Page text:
Why we need to reconsider the bread and wine | An Interview with Isaac Aho

Isaac Aho has written a few things on here before, you can see those here and here. Isaac just finished completing a research project on the practise of the eucharist. The eucharist is practised in as many different ways as there have been christian traditions because Jesus’ words were unequivocle, “Do this to remember me”. I thought I’d ask Isaac what he was learning about this Christian practise;

Q: Isaac, You’ve just finished a season of reflecting, practising and then reflecting on eucharist. What drew you originally to look at this ancient christian practise?

Before doing our DTS1 in 2010, our family had a desire to make christian discipleship something more than a program or bible study; something accessible for all people in every day life.

As we looked at and began to focus on the table as a place of growth it led us to study and see how much Jesus taught, discipled and gathered around food. This brought us to the last supper and saw how He chose bread and wine as the center of how we were to remember Him.

Q: As you look at this christian worship practise through christian history, what stands out as an element that has been lost in modern practise and one element you feel like has been retained (of course this is all broadly speaking)?

If I look at the trajectory of the practice of communion. I believe it has gone from a long, unhurried, intentional meal eaten with an awareness of Jesus as host. To a sometimes hurried part of a larger service that is experienced with either boredom or sometimes dread by the participants. It has moved from a meal to a small wafer and thin juice served in a plastic cup.

Athanasius says “The only alternative to an ascent toward God is a rapid descent into the nothingness which is humanity’s only natural possession apart from God.”

It seems to me the sacrament is moving in the direction of “nothingness”. The Eucharistic custom of bread and wine began to be practiced separate from the Agapa meal or “love feast” sometime in the second century. It soon came to symbolize the meal as the Agapa meal faded from practice. We now have a symbol of a symbol of a symbol as we drink a small sip of grape juice from a plastic cup in a hurried procession. (I am of course talking about the worst of evangelical practice not the church catholic) I can imagine the end will be clicking a wine and bread icon in a virtual community of an iPhone app. This would fit in the description of hell in C.S Lewis book The Great Divorce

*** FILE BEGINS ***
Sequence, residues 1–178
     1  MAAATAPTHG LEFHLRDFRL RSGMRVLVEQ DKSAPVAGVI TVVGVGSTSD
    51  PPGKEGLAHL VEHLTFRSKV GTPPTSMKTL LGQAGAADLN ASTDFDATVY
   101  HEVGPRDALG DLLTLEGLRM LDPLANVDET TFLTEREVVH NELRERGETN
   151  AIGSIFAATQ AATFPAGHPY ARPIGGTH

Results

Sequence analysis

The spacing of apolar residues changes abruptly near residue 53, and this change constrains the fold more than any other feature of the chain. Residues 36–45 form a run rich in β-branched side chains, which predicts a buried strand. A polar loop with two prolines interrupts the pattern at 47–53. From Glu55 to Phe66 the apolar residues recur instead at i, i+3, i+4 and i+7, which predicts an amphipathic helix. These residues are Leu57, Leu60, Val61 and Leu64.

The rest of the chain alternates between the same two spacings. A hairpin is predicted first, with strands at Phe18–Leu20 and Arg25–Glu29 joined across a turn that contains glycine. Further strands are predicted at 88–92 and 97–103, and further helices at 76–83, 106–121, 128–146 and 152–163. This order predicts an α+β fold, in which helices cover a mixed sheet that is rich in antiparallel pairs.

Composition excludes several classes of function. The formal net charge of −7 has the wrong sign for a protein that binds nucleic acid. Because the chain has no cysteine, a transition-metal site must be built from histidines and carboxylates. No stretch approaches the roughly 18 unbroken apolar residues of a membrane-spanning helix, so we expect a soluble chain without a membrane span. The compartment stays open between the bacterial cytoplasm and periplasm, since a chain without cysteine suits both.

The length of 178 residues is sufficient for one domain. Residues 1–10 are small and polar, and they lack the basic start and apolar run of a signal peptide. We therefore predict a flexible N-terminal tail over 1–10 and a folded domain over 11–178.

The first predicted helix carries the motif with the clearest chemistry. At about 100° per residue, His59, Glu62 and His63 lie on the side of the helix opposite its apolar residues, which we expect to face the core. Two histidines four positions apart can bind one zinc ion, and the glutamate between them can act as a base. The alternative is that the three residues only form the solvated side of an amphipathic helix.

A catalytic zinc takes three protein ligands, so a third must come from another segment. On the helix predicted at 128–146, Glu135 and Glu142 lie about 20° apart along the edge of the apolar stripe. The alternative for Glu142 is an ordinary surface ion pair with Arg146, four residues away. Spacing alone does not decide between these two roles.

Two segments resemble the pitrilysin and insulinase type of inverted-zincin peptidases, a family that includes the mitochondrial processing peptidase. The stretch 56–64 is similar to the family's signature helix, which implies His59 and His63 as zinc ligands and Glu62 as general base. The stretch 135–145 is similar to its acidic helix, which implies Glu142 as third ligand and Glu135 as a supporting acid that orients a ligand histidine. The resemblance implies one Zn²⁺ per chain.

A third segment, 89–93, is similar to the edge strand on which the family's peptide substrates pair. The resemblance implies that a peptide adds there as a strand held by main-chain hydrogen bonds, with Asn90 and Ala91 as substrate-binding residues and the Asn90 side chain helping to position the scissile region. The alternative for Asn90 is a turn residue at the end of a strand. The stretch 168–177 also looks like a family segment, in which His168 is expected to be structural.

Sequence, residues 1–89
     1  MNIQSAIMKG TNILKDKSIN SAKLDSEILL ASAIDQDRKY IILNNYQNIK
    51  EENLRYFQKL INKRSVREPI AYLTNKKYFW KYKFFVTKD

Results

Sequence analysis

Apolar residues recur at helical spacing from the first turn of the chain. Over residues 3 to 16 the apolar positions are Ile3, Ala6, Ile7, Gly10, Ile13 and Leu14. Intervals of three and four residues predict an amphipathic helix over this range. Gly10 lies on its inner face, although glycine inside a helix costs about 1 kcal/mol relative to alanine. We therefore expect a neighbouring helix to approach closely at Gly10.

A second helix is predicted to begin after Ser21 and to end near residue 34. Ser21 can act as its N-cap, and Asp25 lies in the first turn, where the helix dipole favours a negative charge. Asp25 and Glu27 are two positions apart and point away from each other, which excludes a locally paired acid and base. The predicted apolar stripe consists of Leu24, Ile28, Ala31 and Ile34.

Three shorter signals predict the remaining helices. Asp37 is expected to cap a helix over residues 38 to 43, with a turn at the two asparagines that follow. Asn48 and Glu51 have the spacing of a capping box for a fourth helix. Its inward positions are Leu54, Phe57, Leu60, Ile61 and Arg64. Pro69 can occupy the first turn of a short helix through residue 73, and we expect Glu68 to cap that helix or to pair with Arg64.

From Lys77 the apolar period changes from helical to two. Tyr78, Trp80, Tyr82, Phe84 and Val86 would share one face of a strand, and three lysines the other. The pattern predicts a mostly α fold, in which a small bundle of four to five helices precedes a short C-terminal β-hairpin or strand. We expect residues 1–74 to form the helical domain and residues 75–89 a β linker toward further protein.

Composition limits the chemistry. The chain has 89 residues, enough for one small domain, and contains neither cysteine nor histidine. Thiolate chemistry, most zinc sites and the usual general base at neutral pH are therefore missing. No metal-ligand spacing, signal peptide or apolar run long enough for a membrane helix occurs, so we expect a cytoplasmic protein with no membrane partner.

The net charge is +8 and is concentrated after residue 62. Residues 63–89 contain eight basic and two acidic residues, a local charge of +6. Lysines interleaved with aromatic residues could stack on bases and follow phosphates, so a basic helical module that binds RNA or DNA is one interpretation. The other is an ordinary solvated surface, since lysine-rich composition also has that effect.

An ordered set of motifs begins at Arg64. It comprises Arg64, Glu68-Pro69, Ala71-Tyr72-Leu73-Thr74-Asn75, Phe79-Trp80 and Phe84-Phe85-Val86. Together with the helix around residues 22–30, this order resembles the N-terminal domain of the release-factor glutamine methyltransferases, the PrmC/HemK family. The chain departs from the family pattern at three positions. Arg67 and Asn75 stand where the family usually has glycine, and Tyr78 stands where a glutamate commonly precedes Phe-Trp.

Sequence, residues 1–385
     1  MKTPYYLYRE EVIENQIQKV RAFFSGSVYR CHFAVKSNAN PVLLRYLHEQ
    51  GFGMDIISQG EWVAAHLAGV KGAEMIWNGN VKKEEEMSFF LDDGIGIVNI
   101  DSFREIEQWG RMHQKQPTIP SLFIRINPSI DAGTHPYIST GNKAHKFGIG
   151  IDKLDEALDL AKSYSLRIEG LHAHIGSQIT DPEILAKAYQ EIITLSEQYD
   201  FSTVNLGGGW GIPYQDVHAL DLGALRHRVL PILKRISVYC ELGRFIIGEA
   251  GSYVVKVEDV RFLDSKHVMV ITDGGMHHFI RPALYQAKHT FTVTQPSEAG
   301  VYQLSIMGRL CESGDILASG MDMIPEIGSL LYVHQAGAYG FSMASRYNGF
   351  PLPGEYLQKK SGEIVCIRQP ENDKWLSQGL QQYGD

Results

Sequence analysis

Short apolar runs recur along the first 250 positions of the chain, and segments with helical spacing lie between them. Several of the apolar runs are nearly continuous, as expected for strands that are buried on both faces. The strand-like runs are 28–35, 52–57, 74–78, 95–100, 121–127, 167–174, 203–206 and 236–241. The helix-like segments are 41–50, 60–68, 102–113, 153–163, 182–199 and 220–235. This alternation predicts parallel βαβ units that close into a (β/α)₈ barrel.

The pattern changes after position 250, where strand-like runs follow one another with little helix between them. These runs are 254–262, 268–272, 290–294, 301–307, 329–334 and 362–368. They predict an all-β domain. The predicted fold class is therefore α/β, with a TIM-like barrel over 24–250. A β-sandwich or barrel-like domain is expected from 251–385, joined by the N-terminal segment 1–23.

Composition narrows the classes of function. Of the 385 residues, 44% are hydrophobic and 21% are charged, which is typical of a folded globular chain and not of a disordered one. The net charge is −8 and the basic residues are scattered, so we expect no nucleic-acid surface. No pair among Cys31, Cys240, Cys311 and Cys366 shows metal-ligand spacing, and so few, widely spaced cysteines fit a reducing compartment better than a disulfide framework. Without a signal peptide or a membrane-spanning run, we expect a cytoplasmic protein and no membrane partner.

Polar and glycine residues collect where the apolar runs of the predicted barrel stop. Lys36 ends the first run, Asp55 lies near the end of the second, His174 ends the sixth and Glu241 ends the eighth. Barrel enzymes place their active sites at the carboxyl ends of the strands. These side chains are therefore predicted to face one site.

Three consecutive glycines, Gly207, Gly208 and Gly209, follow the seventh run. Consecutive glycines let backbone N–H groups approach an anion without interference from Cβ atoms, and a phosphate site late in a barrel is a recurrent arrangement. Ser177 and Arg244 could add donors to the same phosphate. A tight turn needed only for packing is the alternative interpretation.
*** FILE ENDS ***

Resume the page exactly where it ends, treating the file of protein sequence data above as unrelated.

Q: What do you think is the root through which this practise might be revived in the church and what fruit might that produce?

I would say the trajectory needs to be changed. Move toward what is real, present and more substantial. Share real bread baked by someone you know. Drink from an actual cup the best wine you have available. Become present in the moment to the worship community around you. Explore and practice your own love feast. Become familiar with the story that you have entered. Heaven and earth have been joined together. The bread and wine are a witness and an actual representation of this coming together. If this is an unfamiliar thought this video could help explore the significance of the bread and wine.

It is symbol in some sense as the wine reminds us of the new covenant. Do you know what this is? If not you can watch the trailer here.

It is also so much more than symbol as God himself has become One with time, space and matter. Every moment, place and thing is inhabited by the Holy.

Q: What is it specifically about the form of worship that made it meaningful enough that Jesus chooses it as the way he is asking to be ‘remembered’?

I can of course say something about this but cannot say everything. I feel it is in the seemingly ordinary elements that the extraordinary is hidden. Julie Canlis says

“Christian spirituality is always relational, always embodied, and always frighteningly ordinary.

You cannot participate in communion without the actual practice or “praxis” of all three.